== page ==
GOUT – a condition which people commonly associate with a rich diet – is a disorder which causes acute, intermittent and painful attacks in the joints of the knee, ankle and especially the feet.
Gout, which is a form of arthritis, results from an excess of uric acid in the blood and tissues of the body, which if present for long enough, can form into needle-like crystals which can inflame your joints and cause severe pain and swelling.
Most people with gout have high levels of uric acid in their body because it hasn’t been efficiently removed by the kidneys and washed out in the urine.
Experts argue gout can only be effectively battled with long-term treatment, including prescribed medications that lower the level of uric acid in the blood.
However, people are also advised to make changes to their diet to reduce symptoms.
Research has revealed men who drink more than two alcoholic drinks a day – especially beer – could increase their chance of getting gout.
So why is beer so bad for gout?
Cassandra Barns, nutritionist, said: “Gout is caused by build-up of uric acid crystals in the joints, causing irritation, inflammation and pain. It typically affects the big toe most severely.
“We all have uric acid in our blood, but sometimes levels can get too high, and this is when it may be deposited in the joints.
“Uric acid is formed when the body breaks down substances called purines, some of which come from our foods and some of which are made in our own bodies.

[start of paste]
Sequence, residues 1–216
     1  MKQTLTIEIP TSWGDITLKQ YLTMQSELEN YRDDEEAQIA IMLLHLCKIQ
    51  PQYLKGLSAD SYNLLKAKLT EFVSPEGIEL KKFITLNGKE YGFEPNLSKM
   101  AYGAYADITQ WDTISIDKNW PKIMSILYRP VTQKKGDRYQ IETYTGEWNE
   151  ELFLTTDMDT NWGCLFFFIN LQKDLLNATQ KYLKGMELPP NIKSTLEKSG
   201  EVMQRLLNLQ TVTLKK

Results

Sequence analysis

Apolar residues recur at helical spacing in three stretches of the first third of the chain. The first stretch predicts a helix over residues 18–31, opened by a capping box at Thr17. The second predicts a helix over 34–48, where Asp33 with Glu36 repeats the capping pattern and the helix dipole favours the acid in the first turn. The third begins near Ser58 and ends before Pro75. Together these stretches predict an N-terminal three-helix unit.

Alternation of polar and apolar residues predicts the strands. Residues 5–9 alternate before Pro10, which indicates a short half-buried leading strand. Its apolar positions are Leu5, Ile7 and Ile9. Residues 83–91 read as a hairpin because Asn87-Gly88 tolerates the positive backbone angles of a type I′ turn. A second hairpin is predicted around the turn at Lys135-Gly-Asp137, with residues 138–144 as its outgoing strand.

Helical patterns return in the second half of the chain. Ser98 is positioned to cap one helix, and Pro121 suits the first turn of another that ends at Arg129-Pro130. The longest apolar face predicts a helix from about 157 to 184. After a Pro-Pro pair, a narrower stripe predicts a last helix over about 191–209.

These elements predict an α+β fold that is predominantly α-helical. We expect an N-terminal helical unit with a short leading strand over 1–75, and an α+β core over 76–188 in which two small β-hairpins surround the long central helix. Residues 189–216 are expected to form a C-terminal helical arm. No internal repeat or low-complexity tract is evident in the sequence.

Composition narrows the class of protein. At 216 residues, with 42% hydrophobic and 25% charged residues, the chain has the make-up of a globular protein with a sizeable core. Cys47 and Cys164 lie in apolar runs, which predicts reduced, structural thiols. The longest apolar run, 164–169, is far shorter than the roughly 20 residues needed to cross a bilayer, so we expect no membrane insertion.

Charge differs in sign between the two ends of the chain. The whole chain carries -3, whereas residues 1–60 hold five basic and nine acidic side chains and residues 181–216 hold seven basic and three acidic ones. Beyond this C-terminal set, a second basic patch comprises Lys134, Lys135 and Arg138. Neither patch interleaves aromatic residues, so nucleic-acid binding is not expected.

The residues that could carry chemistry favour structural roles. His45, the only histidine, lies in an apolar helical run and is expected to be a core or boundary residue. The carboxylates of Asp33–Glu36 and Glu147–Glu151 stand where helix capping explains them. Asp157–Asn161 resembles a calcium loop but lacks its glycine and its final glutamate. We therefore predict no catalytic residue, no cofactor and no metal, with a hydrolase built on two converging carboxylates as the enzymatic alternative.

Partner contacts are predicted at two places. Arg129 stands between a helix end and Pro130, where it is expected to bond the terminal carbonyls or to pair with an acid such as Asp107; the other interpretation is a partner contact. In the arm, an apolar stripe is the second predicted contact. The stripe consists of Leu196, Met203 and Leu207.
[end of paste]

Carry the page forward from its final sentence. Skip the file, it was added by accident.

“So, firstly, foods (and drinks) that are high in purines can cause or worsen the build-up of uric acid.
“And secondly, anything that reduces our body’s ability to get rid of excess uric acid can also make things worse.
“Beer ticks both of those boxes.
“The alcohol in beer can impair the liver’s ability to detoxify uric acid, and could also affect the kidneys’ ability to get rid of it.
Cassandra said beer is also high in purines.
“A double whammy! For this reason, those with gout are often advised to stay away from alcohol altogether, but particularly beer and fortified wines such as sherry and port, which are also higher in purines.
“People with gout are also advised to avoid foods high in purines, such as organ meats, red meats and seafood, including – unfortunately – certain oily fish such as sardines and anchovies, which are generally good for our health!
“Anything that helps to bring down inflammation can also help.”
Cassandra said a diet in fresh vegetables – preferably seven to nine servings a day – could help ease symptoms.
“Unrefined carbohydrates such as whole oats and brown rice, and with adequate but not excessive protein from white meats, white fish, eggs, seeds and nuts is a good start,” she explained.
“Think about supplements that can help bring down inflammation too.
“Omega-3 fish oils containing EPA can help (the oil itself is not a source of purines). I’d also suggest an anti-inflammatory blend such as Nature’s Plus AgeLoss First Day Healthy Inflammation Response tablets (£47.45, www.revital.co.uk).”